What’s at Stake as SCOTUS takes on Texas Abortion Lawsuits
Toplines & Key Points:
Abortion care has been nearly impossible to access in Texas since SB8 (the nation’s most restrictive abortion ban) went into effect on Sept 1st.
On November 1st, SCOTUS will begin oral arguments on two lawsuits involving Texas’ Abortion ban: United States v. Texas and Whole Woman’s Health v. Jackson
The court will not decide whether or not to strike down Texas’s six-week abortion ban as unconstitutional. Instead, it will address key components of the two cases.
Regardless of what the court decides, abortion is a human right, abortion is health care, and we will not stop fighting until every Texan is able to access the abortion care they need.
Most Texans have been unable to access abortion care in the state since September 1st, when SB 8, the most restrictive abortion ban in the nation, took effect. SB 8 prohibits abortion after six weeks of pregnancy (before most people know they’re pregnant) and creates an unconstitutional bounty hunting scheme that incentivizes private citizens to bring lawsuits against anyone who “aids or abets” an abortion. On November 1st, the U.S. Supreme Court will hear the following two cases challenging Texas’ abortion ban:
United States v. Texas
The Biden Administration's attempt to challenge the constitutionality of SB 8. The Department of Justice asked the court to reinstate a decision by a federal district judge who declared the law unconstitutional and temporarily blocked it before an appellate court let the law take effect again less than 48 hours later. The Supreme Court is set to decide whether the DOJ has the authority to bring this case and whether to block the law again.
Whole Woman’s Health v. Jackson
This is a case filed by a coalition of Texas abortion providers, independent abortion clinics, doctors, clinic staff, abortion funds, support networks, and clergy members. Through the private citizen enforcement clause, the ban was specifically designed to evade court review, in this case, the Supreme Court will decide whether federal courts have the power to block SB 8. This case argues that SB 8 not only violates Texans’ constitutional right to privacy and liberty established by Roe v. Wade almost 50 years ago, but also the constitutional rights of abortion providers and supporters, including their right to equal protection under the law, and their First Amendment rights to free speech and access to the courts.
These two cases have now converged. Importantly, on November 1st, the court will not decide whether or not to strike down Texas’s six-week abortion ban as unconstitutional. Instead, it will address key components of the cases above. In its order, the court has stated that in the DOJ case it will decide whether the federal government has the right to sue in federal court to block the law’s enforcement. And in the case led by Whole Woman’s Health, the court will evaluate the ban’s private enforcement structure.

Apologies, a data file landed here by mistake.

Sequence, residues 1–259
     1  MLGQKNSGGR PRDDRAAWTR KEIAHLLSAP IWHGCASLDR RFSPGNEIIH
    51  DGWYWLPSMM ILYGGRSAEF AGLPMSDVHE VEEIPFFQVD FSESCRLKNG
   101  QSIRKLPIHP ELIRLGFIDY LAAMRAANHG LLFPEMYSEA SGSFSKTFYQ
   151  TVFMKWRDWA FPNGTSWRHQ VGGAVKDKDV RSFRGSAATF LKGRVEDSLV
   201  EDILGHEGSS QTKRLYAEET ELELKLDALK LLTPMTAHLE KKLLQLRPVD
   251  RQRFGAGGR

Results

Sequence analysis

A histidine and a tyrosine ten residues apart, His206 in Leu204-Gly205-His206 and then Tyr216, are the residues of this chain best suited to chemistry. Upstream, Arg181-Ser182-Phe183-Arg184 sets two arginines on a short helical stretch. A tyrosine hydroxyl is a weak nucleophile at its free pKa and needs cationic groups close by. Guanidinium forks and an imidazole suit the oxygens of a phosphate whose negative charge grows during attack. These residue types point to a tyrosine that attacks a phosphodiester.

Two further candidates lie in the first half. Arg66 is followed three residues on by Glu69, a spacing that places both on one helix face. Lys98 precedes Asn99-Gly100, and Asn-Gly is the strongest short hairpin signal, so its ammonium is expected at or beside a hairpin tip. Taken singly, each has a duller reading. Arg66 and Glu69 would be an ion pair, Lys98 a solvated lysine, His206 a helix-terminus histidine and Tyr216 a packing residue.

Roe v. Wade says that pre-viability abortion bans are unconstitutional. While Texas’s abortion ban at six weeks is unconstitutional in this manner, it will not be assessed in this way. In another case being heard on December 1st, the state of Mississippi is asking the court to overturn Roe v. Wade and uphold the state’s ban on abortion after 15 weeks of pregnancy. Dobbs v. Jackson Women's Health is the first time the U.S. Supreme Court will rule on the constitutionality of a pre-viability abortion ban since Roe v. Wade. The plaintiff, Jackson Women’s Health Organization, is the last remaining abortion clinic open in Mississippi.
On November 1st, 2021, and December 1st, 2021 a live feed of the Supreme Court oral arguments can be found here.
Current and Future Impacts
The court’s refusal to block SB 8 when they had the chance has caused immeasurable harm to countless Texans. As Justice Sonia Sotomayor stated in her partial dissent, “There are women in Texas who became pregnant on or around the day that S. B. 8 took effect. As I write these words, some of those women do not know they are pregnant. When they find out, should they wish to exercise their constitutional right to seek abortion care, they will be unable to do so anywhere in their home State. Those with sufficient resources may spend thousands of dollars and multiple days anxiously seeking care from out-of-state providers so overwhelmed with Texas patients that they cannot adequately serve their own communities. Those without the ability to make this journey, whether due to lack of money or childcare or employment flexibility or the myriad other constraints that shape people's day-to-day lives, may be forced to carry to term against their wishes or resort to dangerous methods of self-help."
Texas clinics are overwhelmed with having to worry about the possibility of legal sanctions while being forced to turn patients away. The impacts of the Texas ban transcend state lines with abortion clinics in neighboring states being flooded with Texans who can afford the time and money to seek an abortion.
If the Supreme Court overturns Roe v. Wade or further restricts access to abortion care by ruling in Texas or Mississippi’s favor, abortion could be severely limited in half the country. In Texas, and in 12 other states, there are trigger laws in place that will immediately ban abortion if Roe is overturned. And if the U.S. Supreme Court rules against the Texas and Mississippi laws, abortion care may be legal but legality alone has never been enough. Access to abortion has always been uneven. Roe v. Wade and abortion justice have always been about more than arguments about legality and pre-viability. It’s about the right to autonomy over personal decisions about marriage, contraception, career, and consent. It’s about personhood for those who menstruate.
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